Art part of prescription for new UK hospitalFiled under: Central Kentucky Arts News, Music, Opera, UK, Visual arts; Tagged as: Albert B. Chandler Medical Center, Art Museum at the University of Kentucky, Dr. Michael Karpf, John Reyntiens, John Tuska, LaVon Van Williams, Myra Leigh Tobin Chapel, Springtime in Kentucky, Stephen Rolfe Powell, Warren Seelig
John Reyntiens developed his glass work for the chapel in the University of Kentucky’s new hospital with a keen sense of where it would be displayed.
“I didn’t want it to be mechanical,” Reyntiens said on the morning of May 22, showing samples of his work for the Myra Leigh Tobin Chapel at the Albert B. Chandler Medical Center. “People who are here will spend a lot of time around machines and medical equipment.
“It is important for people to have places to take time out and meditate and be quiet.”
Reyntiens’ Springtime in Kentucky is one of many pieces of art being commissioned and bought for the new hospital, which is under construction and is expected to start opening in phases in 2010.
“The art is my favorite part of this project,” said Dr. Michael Karpf, executive vice president for health affairs at UK. “It humanizes the building.”
In filling the building with artwork, Karpf said, the hospital is taking cues from the Mayo Clinic in Rochester, Minn., and the Cleveland Clinic, which have made art a big part of their designs.
By incorporating art, both visual and performing, Karpf said, the hospital becomes more inviting and comforting for patients. The art is selected to reflect Kentucky. One piece, a 90-foot multimedia wall at the entrance, will be a constantly changing display of images from across the commonwealth.
The idea is to move away from a traditional, sterile hospital environment to something warmer and more conducive to healing. Karpf also talks about establishing music therapy and art therapy programs at the hospital.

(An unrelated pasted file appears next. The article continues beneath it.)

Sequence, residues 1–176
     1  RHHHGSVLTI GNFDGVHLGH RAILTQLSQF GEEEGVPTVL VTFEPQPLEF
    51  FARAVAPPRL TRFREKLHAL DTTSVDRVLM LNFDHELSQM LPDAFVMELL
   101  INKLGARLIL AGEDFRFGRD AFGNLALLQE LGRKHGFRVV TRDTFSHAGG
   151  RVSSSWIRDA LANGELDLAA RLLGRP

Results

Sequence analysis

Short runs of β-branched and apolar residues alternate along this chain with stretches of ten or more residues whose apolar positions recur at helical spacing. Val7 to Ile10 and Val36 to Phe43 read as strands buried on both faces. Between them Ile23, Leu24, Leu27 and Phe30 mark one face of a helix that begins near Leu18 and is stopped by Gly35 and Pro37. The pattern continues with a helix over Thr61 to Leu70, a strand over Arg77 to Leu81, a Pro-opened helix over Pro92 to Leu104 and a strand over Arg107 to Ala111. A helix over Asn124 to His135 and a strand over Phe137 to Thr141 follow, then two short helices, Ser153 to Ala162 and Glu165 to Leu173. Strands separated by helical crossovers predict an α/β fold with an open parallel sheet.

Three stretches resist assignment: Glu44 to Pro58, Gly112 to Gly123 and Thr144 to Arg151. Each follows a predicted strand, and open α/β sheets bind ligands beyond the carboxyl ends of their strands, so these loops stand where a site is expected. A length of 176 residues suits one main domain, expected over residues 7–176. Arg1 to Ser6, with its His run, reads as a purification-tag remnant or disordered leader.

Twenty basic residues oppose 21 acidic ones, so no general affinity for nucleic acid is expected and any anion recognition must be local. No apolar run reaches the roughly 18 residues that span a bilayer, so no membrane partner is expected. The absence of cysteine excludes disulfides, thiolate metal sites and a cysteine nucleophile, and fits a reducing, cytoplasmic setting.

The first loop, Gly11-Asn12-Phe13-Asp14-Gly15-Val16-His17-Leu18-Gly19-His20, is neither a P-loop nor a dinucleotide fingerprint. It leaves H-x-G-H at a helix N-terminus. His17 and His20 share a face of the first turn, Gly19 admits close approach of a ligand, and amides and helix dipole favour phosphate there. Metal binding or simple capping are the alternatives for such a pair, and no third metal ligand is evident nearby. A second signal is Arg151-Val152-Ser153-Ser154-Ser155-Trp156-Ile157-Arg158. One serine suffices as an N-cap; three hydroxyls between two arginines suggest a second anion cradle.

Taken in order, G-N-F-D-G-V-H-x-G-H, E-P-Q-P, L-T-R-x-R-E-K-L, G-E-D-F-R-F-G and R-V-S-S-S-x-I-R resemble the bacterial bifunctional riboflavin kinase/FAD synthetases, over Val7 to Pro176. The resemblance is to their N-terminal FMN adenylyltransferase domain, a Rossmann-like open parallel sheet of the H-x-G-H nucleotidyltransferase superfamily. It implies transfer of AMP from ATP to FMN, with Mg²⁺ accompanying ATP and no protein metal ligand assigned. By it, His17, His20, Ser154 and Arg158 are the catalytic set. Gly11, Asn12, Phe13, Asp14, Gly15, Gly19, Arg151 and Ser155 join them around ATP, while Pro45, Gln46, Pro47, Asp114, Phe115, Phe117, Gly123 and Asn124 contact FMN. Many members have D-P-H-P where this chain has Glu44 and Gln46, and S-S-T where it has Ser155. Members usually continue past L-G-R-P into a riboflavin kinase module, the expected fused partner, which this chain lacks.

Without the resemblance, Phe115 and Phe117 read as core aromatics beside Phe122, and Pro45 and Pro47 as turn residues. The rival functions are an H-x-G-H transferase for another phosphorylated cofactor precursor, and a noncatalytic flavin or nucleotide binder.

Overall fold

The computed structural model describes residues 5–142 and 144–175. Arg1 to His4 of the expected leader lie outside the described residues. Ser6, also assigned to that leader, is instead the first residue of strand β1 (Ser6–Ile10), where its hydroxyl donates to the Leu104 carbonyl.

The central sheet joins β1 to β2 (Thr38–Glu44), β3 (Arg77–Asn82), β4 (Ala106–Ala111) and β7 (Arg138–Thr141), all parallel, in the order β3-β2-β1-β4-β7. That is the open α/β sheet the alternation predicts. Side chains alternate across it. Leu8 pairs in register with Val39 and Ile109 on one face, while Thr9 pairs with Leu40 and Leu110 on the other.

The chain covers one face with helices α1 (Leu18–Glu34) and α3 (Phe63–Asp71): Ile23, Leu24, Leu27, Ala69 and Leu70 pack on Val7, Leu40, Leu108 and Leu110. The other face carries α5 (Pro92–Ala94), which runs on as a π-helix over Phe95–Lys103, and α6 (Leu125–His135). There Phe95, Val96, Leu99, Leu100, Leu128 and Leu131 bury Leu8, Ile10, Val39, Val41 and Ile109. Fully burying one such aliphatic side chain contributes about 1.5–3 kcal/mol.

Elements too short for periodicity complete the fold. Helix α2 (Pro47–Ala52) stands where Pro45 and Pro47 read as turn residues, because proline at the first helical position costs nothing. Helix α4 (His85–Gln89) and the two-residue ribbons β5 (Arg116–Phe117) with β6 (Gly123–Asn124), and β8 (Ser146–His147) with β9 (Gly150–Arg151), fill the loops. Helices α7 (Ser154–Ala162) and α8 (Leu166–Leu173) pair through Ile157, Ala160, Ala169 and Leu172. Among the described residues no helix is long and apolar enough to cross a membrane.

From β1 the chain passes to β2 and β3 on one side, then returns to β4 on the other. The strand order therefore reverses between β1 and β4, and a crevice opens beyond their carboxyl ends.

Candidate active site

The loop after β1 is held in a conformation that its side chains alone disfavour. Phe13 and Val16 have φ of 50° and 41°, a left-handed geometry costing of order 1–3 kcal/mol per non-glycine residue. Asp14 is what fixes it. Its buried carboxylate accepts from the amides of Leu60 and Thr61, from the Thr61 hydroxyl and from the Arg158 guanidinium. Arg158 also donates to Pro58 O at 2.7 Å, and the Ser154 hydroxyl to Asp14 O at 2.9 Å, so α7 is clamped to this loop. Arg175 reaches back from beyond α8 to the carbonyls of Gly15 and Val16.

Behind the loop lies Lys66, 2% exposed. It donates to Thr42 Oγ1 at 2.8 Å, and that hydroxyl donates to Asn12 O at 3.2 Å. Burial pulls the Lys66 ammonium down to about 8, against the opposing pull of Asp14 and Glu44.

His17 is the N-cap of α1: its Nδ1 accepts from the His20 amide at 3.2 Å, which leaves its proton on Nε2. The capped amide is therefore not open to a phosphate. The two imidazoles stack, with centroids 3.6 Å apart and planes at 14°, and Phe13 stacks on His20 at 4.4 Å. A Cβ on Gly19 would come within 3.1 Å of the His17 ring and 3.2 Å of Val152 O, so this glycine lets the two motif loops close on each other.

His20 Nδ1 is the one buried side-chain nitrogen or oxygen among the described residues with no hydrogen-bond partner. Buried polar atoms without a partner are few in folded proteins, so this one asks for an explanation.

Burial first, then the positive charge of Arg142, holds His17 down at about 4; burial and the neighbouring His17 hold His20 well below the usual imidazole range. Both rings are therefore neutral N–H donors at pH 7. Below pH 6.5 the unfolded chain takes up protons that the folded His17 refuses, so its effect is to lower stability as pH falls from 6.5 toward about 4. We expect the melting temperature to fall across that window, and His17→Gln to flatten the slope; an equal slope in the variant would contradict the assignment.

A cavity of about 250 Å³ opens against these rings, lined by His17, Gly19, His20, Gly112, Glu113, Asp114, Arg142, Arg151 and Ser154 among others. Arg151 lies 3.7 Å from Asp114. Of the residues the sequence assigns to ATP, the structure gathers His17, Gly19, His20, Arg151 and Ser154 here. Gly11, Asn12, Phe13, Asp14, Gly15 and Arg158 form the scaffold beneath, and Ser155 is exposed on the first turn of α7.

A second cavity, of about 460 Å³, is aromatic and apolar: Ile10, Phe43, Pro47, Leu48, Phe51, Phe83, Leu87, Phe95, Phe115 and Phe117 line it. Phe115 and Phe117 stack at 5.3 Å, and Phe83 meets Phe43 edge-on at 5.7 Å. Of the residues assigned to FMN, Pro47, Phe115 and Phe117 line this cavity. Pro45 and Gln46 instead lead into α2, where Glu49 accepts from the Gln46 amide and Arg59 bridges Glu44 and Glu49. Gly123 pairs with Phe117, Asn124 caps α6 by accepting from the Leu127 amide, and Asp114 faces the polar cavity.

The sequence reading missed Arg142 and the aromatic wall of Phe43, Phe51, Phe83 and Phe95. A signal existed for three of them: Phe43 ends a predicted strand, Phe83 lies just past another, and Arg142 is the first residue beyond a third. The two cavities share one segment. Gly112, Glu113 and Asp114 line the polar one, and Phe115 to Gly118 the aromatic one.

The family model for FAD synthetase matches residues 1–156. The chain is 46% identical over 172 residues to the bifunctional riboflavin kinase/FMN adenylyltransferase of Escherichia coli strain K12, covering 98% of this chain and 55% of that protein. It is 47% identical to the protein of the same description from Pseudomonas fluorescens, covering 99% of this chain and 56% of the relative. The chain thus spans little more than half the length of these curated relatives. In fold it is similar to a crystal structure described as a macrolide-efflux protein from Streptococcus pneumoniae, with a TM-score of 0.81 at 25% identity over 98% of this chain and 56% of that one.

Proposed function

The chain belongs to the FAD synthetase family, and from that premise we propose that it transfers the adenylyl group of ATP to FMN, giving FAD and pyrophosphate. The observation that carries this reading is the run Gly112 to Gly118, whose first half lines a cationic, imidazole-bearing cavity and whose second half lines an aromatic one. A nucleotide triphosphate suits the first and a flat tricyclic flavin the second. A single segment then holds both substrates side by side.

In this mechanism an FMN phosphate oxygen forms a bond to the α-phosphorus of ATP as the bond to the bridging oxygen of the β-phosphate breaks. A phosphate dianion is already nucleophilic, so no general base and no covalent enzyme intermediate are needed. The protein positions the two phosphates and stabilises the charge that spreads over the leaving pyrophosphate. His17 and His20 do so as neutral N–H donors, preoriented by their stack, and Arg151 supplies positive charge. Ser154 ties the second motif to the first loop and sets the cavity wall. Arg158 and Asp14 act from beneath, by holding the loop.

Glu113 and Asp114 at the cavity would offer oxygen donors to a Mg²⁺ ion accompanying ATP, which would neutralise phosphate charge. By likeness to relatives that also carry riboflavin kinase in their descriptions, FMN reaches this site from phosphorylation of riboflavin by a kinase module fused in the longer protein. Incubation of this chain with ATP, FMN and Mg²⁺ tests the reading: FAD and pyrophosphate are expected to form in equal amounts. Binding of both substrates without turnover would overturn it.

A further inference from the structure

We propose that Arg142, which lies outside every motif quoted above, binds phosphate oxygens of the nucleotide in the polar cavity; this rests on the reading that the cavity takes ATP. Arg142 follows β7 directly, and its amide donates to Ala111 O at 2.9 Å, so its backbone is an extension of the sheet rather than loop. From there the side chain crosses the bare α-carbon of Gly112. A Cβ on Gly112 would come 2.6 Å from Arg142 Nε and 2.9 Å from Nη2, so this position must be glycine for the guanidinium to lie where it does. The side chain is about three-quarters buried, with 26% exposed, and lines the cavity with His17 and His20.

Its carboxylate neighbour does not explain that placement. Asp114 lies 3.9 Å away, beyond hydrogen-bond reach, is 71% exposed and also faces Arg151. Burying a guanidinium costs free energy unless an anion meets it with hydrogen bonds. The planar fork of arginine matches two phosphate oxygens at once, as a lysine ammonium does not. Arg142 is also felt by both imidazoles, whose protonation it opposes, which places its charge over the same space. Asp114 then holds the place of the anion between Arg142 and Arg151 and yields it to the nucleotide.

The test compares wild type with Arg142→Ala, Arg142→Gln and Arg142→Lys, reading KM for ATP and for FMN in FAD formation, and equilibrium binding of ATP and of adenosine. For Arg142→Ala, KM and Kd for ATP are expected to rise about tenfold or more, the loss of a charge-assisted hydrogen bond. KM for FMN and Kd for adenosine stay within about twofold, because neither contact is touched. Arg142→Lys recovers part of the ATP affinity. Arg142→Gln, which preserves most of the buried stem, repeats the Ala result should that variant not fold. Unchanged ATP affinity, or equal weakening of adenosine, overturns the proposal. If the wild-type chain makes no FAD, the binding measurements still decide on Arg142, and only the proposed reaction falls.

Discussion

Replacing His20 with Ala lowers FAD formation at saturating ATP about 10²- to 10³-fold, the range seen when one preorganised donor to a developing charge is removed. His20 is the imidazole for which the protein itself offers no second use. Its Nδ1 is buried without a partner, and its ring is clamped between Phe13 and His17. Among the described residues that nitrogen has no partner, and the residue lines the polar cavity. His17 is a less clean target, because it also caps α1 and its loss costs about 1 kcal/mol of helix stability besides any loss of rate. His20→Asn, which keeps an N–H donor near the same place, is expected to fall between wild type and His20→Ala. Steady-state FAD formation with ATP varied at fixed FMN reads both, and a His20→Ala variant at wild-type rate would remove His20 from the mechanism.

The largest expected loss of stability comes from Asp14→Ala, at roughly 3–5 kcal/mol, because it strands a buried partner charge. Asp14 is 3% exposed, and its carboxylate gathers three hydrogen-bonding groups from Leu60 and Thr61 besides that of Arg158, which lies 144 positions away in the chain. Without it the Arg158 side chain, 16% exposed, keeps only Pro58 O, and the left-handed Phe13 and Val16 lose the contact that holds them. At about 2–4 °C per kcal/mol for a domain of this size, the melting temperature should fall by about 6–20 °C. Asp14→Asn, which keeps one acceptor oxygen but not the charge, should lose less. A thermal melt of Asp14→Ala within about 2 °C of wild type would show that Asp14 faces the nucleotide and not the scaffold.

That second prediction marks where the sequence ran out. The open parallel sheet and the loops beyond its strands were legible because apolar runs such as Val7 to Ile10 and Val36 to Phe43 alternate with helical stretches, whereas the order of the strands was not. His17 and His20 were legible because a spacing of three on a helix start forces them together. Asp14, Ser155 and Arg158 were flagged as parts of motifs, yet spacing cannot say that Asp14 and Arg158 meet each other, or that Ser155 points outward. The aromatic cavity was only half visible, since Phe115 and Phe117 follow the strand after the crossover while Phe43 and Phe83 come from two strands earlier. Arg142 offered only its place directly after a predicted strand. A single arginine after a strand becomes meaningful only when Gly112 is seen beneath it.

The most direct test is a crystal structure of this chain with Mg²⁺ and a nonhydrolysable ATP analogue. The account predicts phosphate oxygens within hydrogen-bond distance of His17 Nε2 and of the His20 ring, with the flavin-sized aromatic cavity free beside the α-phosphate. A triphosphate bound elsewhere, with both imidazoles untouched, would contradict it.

“It is incredible what art and music do for people,” Karpf said, showing a virtual tour of the hospital.
In addition to visual art, the hospital will have a 300-seat, state-of-the-art education and performance theater, financed by the W. Paul and Lucille Caudill Little Foundation. All of the art initiatives in the hospital are privately financed, Karpf said.
If patients can’t make it to the theater for the performances, they can watch them through high-definition TV transmission in their rooms. Many performances will be open to the public.
“We’d like to get people in here when they aren’t sick,” Karpf said. “That way, if they do have to be treated, it will seem more familiar.”
The art being collected and commissioned for the hospital comes from Kentucky, with works by the late UK art professor John Tuska, Centre College professor and glass artist Stephen Rolfe Powell and folk artists including LaVon Van Williams. Some of it also comes from across the country and overseas, by artists including Reyntiens, a British glass and architectural artist who won an international call for designs for the chapel.
The hospital seeks to maintain a Kentucky theme. Portland, Maine, artist Warren Seelig’s piece called Gingko, a lobby centerpiece, drew inspiration from Henry Clay’s admiration for the gingko tree.
Throughout the hospital, Karpf said, great care will be taken to place art appropriately. More whimsical pieces, for instance, will be in children’s areas, whereas surgery and intensive care unit waiting areas will have more contemplative works.